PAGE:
Use this URL to cite or link to this record in EThOS: http://ethos.bl.uk/OrderDetails.do?uin=uk.bl.ethos.716471
Title: Asset growth effect, stock illiquidity and short-sale constraints
Author: Liu , Lanlan
Awarding Body: University of Nottingham
Current Institution: University of Nottingham
Date of Award: 2016
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Abstract:
This thesis examines the roles of stock illiquidity and short-sale constraints in explaining the asset growth effect. The puzzling negative relation between growth in firm-level assets and expected stock returns has received increasing attention in the literature. The first empirical chapter explores how variations in stock illiquidity and liquidity risk affect the negative asset growth-return relation. I find that the total asset growth effect appears to subsume other asset growth and investment effects. Moreover, the asset growth effect is concentrated among illiquid stocks. The return spreads between low- and high-growth portfolios declined after controlling for their exposure to liquidity risk. The second chapter examines how high short-sale constraints interact with the asset growth effect, particularly the exploitability of the short- side of the effect. My results indicate that profits from taking short positions in high-growth stocks are limited among highly short-sale constrained stocks. I document an abnormal return asymmetry between the long side and short side of the asset growth effect, which is more pronounced when there is a strong demand to sell short and a limited supply of shares to borrow. In the third chapter, I employ both short-sale constraints and stock illiquidity in explaining the asset growth effect. I find the NASDAQ market has a stronger effect than the NYSE/AMEX markets. The significant negative returns of high-asset growth stocks rely heavily on short-sale constrained stocks. The strong positive returns earned by low- asset growth stocks concentrate on illiquid stocks. After controlling for both short-sale constraints and stock illiquidity, total asset growth rate cannot predict stock returns independently.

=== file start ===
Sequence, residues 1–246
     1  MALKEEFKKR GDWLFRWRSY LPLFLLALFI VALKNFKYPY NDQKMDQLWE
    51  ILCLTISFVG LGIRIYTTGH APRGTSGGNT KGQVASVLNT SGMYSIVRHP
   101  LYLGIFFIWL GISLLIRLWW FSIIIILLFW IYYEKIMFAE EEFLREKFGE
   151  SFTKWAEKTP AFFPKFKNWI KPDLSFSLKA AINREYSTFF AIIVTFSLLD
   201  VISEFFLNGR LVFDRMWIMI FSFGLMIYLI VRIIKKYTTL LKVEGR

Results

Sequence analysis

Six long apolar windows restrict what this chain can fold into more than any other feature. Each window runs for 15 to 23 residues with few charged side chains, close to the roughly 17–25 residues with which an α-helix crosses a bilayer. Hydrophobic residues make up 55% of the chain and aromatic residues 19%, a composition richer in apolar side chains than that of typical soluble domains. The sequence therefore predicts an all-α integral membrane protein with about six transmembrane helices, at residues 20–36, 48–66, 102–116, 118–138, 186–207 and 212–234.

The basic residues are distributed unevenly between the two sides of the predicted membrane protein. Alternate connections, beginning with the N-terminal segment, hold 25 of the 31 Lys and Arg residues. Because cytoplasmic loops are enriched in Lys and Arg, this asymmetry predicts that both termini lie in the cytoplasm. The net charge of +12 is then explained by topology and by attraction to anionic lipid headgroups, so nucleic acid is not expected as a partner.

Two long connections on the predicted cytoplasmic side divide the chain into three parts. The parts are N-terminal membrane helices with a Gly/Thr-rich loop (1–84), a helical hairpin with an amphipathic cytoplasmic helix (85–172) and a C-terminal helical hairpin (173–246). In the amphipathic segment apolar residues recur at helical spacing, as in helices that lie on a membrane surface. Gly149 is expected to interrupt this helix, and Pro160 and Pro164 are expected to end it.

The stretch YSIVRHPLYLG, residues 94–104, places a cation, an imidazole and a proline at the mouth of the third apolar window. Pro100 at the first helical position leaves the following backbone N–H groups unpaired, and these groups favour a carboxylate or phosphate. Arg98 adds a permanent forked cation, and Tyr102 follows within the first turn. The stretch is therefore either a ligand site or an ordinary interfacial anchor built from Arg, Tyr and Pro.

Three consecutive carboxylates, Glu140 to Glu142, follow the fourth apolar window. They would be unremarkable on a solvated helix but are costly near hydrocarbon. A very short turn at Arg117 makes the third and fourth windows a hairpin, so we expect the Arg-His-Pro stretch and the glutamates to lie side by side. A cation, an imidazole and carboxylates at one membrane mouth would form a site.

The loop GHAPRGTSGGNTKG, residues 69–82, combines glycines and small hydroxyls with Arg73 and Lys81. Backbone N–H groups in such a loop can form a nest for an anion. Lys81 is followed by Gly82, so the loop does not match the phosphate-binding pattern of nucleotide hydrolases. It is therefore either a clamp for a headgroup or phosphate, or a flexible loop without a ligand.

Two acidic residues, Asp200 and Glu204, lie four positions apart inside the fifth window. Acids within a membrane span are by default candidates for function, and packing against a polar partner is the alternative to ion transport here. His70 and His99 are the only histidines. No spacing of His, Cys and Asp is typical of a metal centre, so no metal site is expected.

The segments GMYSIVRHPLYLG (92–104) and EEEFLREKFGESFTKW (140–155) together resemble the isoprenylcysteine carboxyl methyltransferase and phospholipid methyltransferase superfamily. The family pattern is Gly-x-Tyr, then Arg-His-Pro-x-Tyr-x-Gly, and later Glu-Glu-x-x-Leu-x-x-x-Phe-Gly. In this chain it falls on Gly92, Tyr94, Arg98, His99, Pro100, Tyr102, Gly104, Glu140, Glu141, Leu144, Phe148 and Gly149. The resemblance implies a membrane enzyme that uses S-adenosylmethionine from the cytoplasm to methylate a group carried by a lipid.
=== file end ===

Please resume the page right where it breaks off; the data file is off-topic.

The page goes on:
Supervisor: Not available Sponsor: Not available
Qualification Name: Thesis (Ph.D.) Qualification Level: Doctoral
EThOS ID: uk.bl.ethos.716471  DOI: Not available
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